Alexander Douglas
2 min readApr 25, 2017


Here is a response emailed to me from Nick Rowe:

I’m crap at math, and don’t really understand transversality conditions either. So take this with a grain of salt.

L’Hopital’s Theorem is useful here. You are trying to find what happens to a ratio, in the limit, when both top and bottom approach infinity. L’Hopital says take the derivative of both top and bottom wrt time, and the limit of the new ratio is the same as the limit of the original ratio. If bottom grows faster than top, the limit is zero, and infinite if vice versa. (Very loosely speaking).

Start with a very different simple model. An overlapping generations model where people live 2 periods, and the old sell their government bonds to the young. That model has a natural limit to the debt/GDP ratio. The debt cannot be bigger than the youngs’ income, otherwise they will be unable to buy the debt.

Can the government in that model rollover the debt forever, borrowing to pay the interest, so the debt grows at rate r? That depends:

If r > g (the growth rate of GDP) then no. Because the young would eventually be unable to buy it. So the top of that second term must grow more slowly than the bottom in the limit, so that second term becomes zero, so the debt must equal the Present Value of future budget surpluses.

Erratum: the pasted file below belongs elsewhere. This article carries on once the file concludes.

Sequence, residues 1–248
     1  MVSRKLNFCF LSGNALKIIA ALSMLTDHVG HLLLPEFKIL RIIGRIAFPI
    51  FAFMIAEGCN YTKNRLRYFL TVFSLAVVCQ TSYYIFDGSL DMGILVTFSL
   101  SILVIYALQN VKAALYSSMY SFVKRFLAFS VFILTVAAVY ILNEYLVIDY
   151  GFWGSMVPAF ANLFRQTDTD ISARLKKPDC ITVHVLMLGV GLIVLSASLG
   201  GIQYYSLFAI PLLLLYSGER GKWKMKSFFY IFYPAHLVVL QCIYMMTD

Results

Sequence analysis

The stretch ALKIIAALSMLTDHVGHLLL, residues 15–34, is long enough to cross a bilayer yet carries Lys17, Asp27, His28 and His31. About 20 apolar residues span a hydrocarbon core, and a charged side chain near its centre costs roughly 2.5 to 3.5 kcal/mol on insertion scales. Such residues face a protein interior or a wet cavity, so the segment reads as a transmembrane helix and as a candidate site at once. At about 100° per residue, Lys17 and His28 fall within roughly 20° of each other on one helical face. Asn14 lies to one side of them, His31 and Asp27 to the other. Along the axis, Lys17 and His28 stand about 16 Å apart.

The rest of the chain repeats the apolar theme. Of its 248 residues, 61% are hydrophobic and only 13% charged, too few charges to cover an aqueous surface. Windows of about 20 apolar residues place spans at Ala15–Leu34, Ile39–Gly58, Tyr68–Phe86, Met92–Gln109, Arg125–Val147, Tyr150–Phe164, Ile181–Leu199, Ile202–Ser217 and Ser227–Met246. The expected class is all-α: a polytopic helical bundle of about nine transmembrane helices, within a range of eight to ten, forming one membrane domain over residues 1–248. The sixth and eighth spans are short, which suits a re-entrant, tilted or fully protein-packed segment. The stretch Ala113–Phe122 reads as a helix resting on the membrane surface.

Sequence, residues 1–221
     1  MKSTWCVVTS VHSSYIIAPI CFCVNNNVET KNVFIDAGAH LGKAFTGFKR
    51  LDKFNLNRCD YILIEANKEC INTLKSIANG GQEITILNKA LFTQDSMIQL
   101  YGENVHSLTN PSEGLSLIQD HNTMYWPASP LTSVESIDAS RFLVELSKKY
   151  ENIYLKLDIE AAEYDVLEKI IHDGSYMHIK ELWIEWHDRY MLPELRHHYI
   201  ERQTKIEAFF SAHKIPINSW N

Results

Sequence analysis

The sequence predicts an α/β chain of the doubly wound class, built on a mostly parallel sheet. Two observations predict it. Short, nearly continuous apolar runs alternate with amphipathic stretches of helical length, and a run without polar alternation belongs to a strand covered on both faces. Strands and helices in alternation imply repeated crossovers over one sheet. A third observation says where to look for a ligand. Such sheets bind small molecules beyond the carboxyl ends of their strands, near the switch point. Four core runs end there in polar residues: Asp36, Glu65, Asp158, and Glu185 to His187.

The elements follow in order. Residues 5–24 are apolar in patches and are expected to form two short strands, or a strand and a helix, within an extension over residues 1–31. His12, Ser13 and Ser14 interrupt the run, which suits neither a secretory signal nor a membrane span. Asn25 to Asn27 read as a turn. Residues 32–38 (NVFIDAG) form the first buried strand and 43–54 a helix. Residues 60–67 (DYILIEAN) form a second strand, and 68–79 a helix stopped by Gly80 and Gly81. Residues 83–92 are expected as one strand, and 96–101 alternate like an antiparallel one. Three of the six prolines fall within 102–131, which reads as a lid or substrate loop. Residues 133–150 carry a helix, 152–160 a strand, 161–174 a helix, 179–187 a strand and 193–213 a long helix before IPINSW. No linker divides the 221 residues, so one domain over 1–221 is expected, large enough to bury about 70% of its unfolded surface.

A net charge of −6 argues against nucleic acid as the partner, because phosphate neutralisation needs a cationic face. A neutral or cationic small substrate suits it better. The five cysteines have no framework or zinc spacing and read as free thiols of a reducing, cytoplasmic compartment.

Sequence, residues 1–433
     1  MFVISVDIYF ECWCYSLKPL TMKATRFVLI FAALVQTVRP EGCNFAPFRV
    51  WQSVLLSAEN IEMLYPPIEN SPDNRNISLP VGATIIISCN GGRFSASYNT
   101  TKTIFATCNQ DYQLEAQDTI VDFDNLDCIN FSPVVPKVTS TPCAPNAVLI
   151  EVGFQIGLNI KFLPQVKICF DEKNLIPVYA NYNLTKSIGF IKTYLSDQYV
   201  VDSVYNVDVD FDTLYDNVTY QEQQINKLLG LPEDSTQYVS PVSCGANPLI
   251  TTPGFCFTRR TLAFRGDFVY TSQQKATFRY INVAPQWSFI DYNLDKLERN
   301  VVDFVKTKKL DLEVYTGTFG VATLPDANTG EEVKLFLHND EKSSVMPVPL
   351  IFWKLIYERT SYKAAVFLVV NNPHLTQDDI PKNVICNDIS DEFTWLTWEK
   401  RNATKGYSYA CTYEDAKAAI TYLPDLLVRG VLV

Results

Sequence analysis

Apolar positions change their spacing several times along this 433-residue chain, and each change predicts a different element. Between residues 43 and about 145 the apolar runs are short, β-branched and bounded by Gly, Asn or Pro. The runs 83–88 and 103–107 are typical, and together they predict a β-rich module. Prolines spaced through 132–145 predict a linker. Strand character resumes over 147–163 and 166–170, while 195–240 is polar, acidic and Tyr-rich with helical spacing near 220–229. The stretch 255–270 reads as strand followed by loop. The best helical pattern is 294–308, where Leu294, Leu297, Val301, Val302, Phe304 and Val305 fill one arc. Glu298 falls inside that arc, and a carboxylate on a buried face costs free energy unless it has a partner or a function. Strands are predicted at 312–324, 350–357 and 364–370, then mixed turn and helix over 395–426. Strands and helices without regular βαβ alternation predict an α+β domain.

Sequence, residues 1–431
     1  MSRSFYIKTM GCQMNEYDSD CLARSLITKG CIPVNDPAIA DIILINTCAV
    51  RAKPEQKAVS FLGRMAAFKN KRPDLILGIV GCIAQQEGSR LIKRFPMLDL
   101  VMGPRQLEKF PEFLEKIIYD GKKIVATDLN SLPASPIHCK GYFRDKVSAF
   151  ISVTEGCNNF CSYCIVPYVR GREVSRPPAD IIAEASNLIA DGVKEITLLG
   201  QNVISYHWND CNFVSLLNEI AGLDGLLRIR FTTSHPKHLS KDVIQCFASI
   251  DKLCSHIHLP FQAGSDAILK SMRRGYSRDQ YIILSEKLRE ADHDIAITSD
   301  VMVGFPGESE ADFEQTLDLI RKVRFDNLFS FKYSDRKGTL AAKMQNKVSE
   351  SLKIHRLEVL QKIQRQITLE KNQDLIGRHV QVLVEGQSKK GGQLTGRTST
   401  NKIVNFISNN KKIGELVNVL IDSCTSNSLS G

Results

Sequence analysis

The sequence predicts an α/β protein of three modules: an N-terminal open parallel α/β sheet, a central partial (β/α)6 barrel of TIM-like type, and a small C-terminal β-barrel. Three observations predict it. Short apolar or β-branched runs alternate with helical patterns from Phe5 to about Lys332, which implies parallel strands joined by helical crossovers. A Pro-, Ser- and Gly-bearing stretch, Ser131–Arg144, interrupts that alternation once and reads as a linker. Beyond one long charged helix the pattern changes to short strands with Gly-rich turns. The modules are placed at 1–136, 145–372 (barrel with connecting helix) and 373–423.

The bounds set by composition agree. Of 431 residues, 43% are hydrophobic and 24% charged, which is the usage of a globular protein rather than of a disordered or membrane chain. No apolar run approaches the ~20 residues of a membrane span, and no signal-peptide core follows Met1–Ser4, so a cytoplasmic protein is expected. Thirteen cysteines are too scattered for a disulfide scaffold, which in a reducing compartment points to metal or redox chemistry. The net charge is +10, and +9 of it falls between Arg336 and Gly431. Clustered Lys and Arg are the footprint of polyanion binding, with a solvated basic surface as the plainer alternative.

If r < g then yes. It’s sustainable forever. And money is like that, because currency (for example) pays minus 2% real interest (if the inflation target is 2%). A government that has currency as its only liability can run deficits forever (printing more currency to finance spending) because currency is so liquid people are prepared to hold it (in limited amounts) even at a negative real interest rate.

Now change the model, to one with infinitely-lived agents. It’s not obvious whether there is any upper limit on the debt/GDP ratio. Under Ricardian Equivalence, there needn’t be. And with a single agent (like in your example) there won’t be, because that agent as taxpayer can easily owe himself as bondholder a zillion dollars, and it’s a wash.

Coupla other points:

1. None of this is about *subjective* (time-preference) interest rates. We are talking market interest rates. Preferences matter only insofar as they affect what those market interest rates will be, at which people are willing to hold the stock of debt.

2. In a finite horizon model, where people know in advance that the world will end at time T, it’s different. The government must pay off the debt at time T-1, or nobody will buy it at T-2, etc., and the whole thing unravels backwards. So that second term must be zero.

3. A model where the world has a d% probability of ending each period is more like the infinite world. The only difference is that the market interest rate will now be higher (because individuals now subjectively discount future consumption for 2 reasons).

Dunno if this helps.



Alexander Douglas

Lecturer in Philosophy, University of St. Andrews — personal website: